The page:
overseas films. These economic activities are usually located in the realm of an informal economy (Lobato and Thomas, 2011). As in the case of most other Asian countries, lack of IP laws and weak implementation of laws are major contributing factors in China (Bettig, 1997). In terms of the supply and demand, Yar (2005) and Karaganis (2011) show that the high price of content has been a contributing factor in piracy activities. Wang (2003) explains how cheap labour and long coastlines make production and export viable. On a cultural level, Alford (1995) notes how the notions of individual creativity and ownership of ideas were in contrast with Confucian concepts of creativity, knowledge and learning, which contributes to infringing behaviour among consumers. The increasing adoption of digital technologies now means easier reproduction and distribution of online content, including online piracy. Industry bodies like The Motion Picture Association of America (MPAA) claim that the exponential growth of piracy costs the industry significant losses. However, many have argued that data needs to be treated with caution. This is because extrapolation from detection, seizure and conviction counts are problematic; pirate copies do not necessarily displace a sale at a standard market price; moreover, reduction in ‘gross revenues’, rather than on net loss to the industries, is often exaggerated (Wang, 2003; Yar, 2005). Similarly, Anderson (2009) argues that piracy should be estimated not so much in terms of loss but more in terms of ‘lesser gain’. Choi and Perez (2007) argue that online piracy is an important source of technological and strategic innovation to both industry incumbent and newcomers. Similarly, Lobato suggests that piracy can be an alternative distribution system for media content, better understood as ‘an enabling energy’ rather than - or as well as a form of economic parasitism’ (Lobato, 2008: 33). More recent research by Karaganis (2011) demonstrates that the growth of digital piracy has disrupted a wide range of media business models and has created opportunities in emerging economies for price and service innovations.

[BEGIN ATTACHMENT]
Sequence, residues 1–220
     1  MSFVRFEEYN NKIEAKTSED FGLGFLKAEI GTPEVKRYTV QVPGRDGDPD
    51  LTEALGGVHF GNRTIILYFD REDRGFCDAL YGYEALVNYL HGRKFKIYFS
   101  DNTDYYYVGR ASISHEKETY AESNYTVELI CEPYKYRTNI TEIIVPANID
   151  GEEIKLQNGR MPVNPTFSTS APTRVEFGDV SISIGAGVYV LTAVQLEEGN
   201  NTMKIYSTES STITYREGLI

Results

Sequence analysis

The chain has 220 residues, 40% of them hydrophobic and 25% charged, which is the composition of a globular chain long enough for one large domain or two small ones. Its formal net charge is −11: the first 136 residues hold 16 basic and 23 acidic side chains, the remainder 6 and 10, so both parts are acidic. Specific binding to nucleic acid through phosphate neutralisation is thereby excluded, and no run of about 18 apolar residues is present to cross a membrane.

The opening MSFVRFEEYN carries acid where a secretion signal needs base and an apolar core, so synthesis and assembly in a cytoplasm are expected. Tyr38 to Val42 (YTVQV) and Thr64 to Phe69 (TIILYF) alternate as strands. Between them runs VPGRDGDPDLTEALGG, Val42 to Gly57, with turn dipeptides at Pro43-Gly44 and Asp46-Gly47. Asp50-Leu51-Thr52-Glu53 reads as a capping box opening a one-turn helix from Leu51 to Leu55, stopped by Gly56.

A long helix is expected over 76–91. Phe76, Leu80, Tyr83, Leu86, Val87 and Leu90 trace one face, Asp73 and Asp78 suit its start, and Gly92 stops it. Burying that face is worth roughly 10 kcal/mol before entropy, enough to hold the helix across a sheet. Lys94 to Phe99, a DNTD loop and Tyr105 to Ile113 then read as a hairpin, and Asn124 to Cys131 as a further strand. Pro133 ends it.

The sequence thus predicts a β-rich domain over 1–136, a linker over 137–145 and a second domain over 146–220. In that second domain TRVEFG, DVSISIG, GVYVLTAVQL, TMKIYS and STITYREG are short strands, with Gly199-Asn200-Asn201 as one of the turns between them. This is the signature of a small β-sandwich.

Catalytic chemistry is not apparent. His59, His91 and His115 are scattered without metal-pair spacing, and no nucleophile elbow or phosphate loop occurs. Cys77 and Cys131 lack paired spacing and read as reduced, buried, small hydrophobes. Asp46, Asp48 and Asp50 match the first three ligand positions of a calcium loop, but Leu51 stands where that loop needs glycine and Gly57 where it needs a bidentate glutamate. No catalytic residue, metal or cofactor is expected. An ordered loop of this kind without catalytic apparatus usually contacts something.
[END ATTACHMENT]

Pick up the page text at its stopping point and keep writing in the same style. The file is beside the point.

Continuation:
Complicating the issue, moreover, is the knowledge that piracy networks remain part of the formal economy (Nordstrom, 2000). Wang maintains that they ‘operate through and around formal institutions such as the state, its regulatory and enforcement capacities, and its sovereignty’ (2003: 74-75). The interdependent and often complex relationships between formal and informal economies therefore require closer examination. As Cunningham and Silver suggest, ‘downloading and P2P file sharing needs to be analysed in its own right, as well as in its complex relations to off-line piracy... the way in which it forces change in the formal economy and engenders state action; and the extent to which it has to be factored into the business models of on-line distribution companies’ (2012: 59).